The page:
So here we are, if not in a Brave New World, at least in a Brave New Tax Year. Last week saw the end of 2017/18 and, on Friday, April 6th, we said hello to 2018/19. So we thought it would be useful to bring you a summary of the major tax changes that will impact you through the coming tax year. But first, let us deal with a very simple question…

By Mark Richards

Why does the British tax year start on April 6th?

A fair question. Logic dictates that the tax year should start when the calendar year starts. Fortunately, the answer is simple – even more simple than Easter being on the first Sunday after the first full moon after the Spring equinox.

In England and Ireland the New Year used to start on ‘Lady Day’ – March 25th, supposedly the day on which the Angel Gabriel gave the news to the Virgin Mary. The tax year accordingly ran from the beginning of the year to the end of it, with everyone thinking that March 25th was a perfectly rational day to start the year.

By 1752, however, Britain was well out of step with the rest of Europe, thanks to our late adoption of the Gregorian calendar. We were 11 days out and an adjustment was finally made to bring us into line with Europe: determined that there should be no loss of tax revenue, the Treasury moved the beginning of the 1753 tax year forward to April 5th. Then another day was added in 1800, moving the beginning of the tax year forward to April 6th where it has remained ever since. So there you are: what could be simpler?

The tax changes

In the main, the tax changes are good news. Here are the details:

The National Living Wage for those aged 25 and over has gone up from £7.50 an hour to £7.83 an hour. There are also increases for younger workers.

The personal allowance – the amount you can earn before you pay tax – is also increasing, and is now £11,850. The personal allowance does decrease once you are earning six figures, reducing by £1 for every £2 you earn: so anyone lucky enough to be earning £123,700 per year will have no personal allowance. If you pay higher rate income tax, then you now start paying at a salary of £46,350 per year, compared to the previous £45,000 per year.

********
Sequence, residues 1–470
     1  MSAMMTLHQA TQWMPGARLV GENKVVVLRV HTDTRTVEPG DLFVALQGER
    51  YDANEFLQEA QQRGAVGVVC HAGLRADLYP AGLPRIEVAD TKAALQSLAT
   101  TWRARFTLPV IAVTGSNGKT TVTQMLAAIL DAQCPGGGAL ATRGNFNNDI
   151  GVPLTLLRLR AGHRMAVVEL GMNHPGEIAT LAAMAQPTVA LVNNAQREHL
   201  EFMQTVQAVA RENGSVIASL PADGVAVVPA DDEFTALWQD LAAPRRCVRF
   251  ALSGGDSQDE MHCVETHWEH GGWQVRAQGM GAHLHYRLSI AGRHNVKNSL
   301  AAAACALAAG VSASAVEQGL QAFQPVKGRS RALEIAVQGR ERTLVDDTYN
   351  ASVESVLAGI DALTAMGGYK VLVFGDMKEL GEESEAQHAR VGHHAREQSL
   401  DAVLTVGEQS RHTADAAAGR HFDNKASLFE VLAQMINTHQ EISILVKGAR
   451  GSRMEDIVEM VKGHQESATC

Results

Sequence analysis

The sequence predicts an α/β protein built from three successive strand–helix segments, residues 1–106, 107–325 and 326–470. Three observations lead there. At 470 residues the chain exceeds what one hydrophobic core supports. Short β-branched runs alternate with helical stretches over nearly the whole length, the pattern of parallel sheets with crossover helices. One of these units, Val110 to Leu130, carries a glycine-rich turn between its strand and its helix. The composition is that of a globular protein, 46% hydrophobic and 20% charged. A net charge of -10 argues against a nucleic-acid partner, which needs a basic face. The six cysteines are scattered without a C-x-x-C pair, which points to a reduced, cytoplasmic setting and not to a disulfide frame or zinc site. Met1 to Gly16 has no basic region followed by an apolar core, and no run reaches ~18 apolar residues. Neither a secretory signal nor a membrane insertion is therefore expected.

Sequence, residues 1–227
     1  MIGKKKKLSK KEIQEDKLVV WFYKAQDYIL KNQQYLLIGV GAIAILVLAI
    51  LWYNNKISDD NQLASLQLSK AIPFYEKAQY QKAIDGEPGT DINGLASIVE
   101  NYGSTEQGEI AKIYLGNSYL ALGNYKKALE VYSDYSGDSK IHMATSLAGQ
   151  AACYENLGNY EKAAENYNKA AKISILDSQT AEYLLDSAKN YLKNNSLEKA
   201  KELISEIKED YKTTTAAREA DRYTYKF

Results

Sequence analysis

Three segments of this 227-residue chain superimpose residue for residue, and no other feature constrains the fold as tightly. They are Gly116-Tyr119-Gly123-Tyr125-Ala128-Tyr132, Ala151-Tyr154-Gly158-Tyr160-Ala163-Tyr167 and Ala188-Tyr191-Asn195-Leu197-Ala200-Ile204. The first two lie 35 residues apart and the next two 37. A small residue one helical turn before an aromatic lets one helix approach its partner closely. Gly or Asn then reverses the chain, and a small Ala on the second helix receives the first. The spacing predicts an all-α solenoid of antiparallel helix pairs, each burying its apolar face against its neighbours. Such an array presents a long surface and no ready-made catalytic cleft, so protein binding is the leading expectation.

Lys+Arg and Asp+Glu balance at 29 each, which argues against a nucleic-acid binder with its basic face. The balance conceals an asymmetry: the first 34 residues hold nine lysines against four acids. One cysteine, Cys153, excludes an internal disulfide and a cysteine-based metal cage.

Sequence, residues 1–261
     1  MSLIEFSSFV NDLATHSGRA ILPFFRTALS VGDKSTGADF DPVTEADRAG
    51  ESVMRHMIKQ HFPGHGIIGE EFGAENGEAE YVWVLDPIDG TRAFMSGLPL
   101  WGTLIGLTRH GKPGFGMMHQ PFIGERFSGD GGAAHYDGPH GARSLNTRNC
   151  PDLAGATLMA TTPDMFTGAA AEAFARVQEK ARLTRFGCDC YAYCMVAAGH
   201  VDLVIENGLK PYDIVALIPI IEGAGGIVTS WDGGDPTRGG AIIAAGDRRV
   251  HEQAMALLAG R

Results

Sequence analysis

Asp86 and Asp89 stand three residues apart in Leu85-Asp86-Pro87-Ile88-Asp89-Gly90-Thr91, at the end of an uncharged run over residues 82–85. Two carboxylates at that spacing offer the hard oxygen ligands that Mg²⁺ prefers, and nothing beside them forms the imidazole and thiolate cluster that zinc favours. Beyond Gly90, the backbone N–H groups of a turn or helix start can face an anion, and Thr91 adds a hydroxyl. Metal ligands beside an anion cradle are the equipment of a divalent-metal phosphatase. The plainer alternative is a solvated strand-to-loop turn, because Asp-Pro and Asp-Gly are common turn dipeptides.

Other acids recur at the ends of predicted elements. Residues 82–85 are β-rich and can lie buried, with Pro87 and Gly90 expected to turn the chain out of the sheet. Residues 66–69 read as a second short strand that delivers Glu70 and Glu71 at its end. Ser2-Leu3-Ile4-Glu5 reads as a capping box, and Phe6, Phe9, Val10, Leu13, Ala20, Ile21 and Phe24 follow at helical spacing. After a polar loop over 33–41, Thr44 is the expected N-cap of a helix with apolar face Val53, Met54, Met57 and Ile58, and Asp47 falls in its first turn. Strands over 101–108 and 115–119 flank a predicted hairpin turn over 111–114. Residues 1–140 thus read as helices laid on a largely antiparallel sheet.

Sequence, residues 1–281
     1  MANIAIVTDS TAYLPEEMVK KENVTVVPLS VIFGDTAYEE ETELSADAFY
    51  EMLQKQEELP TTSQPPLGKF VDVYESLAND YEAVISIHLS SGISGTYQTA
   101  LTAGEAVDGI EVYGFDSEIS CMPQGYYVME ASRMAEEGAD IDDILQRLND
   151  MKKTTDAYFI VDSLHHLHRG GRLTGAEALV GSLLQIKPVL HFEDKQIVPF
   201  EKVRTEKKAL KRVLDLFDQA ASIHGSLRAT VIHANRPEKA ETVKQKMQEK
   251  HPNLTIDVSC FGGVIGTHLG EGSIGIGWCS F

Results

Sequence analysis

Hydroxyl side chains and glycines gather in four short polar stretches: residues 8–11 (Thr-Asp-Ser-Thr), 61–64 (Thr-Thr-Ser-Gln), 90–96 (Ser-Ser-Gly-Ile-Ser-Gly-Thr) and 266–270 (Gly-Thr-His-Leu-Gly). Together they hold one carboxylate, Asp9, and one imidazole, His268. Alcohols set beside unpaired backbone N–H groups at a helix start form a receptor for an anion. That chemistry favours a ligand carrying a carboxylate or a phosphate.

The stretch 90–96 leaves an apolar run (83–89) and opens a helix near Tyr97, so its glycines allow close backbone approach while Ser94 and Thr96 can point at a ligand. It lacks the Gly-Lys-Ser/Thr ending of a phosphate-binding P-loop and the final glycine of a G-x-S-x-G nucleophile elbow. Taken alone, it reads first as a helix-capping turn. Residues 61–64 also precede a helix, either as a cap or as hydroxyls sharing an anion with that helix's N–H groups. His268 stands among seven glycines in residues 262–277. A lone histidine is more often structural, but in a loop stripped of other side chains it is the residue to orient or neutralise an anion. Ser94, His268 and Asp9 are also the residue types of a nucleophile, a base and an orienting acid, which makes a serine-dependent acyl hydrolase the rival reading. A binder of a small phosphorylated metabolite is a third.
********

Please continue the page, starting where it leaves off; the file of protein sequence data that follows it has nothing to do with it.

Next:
Pensions are increasing – they are going up by 3%, meaning an increase of £3.65 a week for those in retirement.

The petrol fuel duty stays frozen for the eighth year in a row: it is currently 57.95p per litre.

Some bad news on tax changes

Council tax is going up around the UK. The average rate of increase is 5.1% – if you are in London, that will mean an extra £55 per year for the average property.

The sugar tax is here. From April 6th manufactures of sugary drinks will have to pay the Sugar Levy: it is thought that the levy will increase the price of a typical can of fizzy drink by around 8p a can. The idea behind the sugar tax is obvious – sugary drinks cost more so we will drink less of them and therefore – as a nation – we will be healthier. I have my doubts: some commentators have described the tax as simply “a revenue-raising device that will clobber those on lower incomes.” It is hard to disagree.

Student loans and auto-enrolment pensions

We now come to two measures which perhaps deserve a more in-depth look: changes to the student loans regime, and to auto-enrolment pensions.